1 EXPERIENCE REPORT Study Program: Bachelor Business Law Exchange Semester: Spring 2016 Academic year: Host University: University of Helsinki Country: Finland I GENERAL INFORMATION ABOUT THE SCHOOL During the spring of 2016 I have been studying at the University of Helsinki. The University of Helsinki has several buildings in and around the city, but the Faculty of Law was located in the city centre. This made it possible for me to walk to the University, because I was also accommodated in the city centre. The lectures were given in one building called Porthania and sometimes also in the main building. The main library was located next to Porthania. I spend quite a few days studying in the library, because in my opinion the library was a very good place for studying. The main library has 7 floors and a basement. On each floor there were lots of places to study: by the window, at a big table or at the more relaxing sofas. I found the atmosphere in the library very nice, everyone was really quiet and it was very normal to take of your shoes and walk around in your socks (which I found a bit strange and funny at first). Next to the library, a student restaurant and a study cafe are located, with nice but cheap food and coffee. Main library of the University of Helsinki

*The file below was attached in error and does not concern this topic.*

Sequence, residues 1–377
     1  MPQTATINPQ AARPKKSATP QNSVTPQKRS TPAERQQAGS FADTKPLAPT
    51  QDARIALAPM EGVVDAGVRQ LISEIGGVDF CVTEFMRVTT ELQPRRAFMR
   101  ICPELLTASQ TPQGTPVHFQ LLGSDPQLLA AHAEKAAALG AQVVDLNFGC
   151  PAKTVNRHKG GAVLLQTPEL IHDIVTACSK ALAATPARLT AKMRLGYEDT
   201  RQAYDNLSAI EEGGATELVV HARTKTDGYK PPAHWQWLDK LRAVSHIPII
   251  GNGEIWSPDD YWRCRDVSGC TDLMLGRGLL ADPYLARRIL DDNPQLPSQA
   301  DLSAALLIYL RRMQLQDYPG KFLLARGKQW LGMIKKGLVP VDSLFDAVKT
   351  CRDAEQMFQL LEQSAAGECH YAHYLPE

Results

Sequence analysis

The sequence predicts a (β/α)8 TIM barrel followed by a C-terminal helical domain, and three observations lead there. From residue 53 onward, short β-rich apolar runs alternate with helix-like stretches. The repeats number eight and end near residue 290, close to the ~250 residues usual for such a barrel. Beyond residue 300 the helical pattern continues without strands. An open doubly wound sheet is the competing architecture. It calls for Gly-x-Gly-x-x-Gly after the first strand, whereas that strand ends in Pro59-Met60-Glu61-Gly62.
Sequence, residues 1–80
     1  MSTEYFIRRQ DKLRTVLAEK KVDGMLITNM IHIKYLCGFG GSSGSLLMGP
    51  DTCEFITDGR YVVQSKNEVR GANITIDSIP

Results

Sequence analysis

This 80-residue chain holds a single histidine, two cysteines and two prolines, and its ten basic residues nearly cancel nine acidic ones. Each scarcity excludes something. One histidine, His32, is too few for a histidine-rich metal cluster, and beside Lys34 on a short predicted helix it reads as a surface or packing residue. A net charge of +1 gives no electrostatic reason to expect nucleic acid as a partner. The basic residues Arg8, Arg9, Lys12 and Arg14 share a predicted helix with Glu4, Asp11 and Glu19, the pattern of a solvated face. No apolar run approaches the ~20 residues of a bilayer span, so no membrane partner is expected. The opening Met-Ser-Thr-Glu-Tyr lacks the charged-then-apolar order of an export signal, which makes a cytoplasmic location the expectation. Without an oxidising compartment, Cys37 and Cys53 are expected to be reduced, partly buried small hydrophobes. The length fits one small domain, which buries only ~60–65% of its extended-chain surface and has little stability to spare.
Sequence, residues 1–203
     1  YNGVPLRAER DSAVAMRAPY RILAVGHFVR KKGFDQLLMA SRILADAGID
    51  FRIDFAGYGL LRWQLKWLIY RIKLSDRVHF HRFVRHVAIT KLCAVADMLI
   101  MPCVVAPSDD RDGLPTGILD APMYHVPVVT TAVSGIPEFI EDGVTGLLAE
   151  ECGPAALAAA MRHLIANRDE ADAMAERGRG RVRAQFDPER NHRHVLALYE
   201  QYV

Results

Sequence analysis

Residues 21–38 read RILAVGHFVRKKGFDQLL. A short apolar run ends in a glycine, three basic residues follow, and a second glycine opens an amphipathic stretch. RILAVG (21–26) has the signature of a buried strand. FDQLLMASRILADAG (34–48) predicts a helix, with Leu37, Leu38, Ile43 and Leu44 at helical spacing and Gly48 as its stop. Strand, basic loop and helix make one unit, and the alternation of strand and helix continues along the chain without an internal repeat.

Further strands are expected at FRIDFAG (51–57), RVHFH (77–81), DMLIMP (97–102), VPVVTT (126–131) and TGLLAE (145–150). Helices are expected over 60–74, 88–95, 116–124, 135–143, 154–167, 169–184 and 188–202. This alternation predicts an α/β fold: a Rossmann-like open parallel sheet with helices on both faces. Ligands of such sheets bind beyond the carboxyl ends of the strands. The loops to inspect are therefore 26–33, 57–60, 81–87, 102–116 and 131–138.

2 The University of Helsinki welcomes about 1000 exchange students each year. I estimate the number of exchange students at the Faculty of Law around 100 students. In total, more than students are currently studying at the University of Helsinki. When it comes to the study structure, all lectures of one course are held within a few weeks, after which the exam follows immediately. Most of the time it is only after this exam that the next course starts. This makes it a very clear structure. Courses are often not only completed by taking a written exam, but also by active participation in debates, giving presentations or handing in essays. In this way, the courses are very interactive and more practical. I was accommodated in the city centre of Helsinki, the main capital of Finland. I have to say Helsinki is a very nice and peaceful city to live in with very wide streets, which gave me the feeling the city was not very crowded. Furthermore, the public transportation was very well arranged: trams, busses, metros, trains: all of them driving exactly on schedule, even in winter when there was a lot of snow. Helsinki has lots of nice little bars and places to drink or eat. Something I did not know, was that Finland is one of the countries where coffee is most popular. This results in many nice coffee bars with very good and different kinds of coffee. One of the best coffee bars in my opinion was Johan & Nyström, a small cafe near the harbor where they have amazing cappuccino. There are also lots of nice places to eat, one of them called Juuri where they serve sapas : Finnish tapas. It has to be said, however, that eating and drinking in the city centre is not very cheap. If you want to go drink something for a student price (especially alcohol is expensive), you should go to the district near the city centre called Kallio. Here, prices of beers and wines are almost half of the prices in the city centre. When it comes to interesting things to do and see in Helsinki, I would strongly recommend to take advantage of the very cold weather (when I arrived in January, it was -25 ºC) by doing something very Finnish: walking across the sea. Because parts of the sea near Helsinki completely froze during the winter, it was possible to walk to islands near Helsinki that you normally can only reach by boat. Also, when the weather became a bit better, it was very nice to go for a picnic in the city park called Kaivopuisto. Furthermore, Helsinki has very nice and big shopping malls (like Stockmann) and ofcourse, one must definitely see the famous big white church (Cathedral of Helsinki) and the Uspenskin Cathedral: a beautiful Russian Orthodox church. Also, if you are into art, Helsinki has a lot of special museums, like the Design Museum or Ateneum, where they often have expositions of famous artists. One last tip I would like to give is that, if you have the opportunity, you should definitely go see an ice hockey match, since Finland is one of the best countries in the world when it comes to playing ice hockey.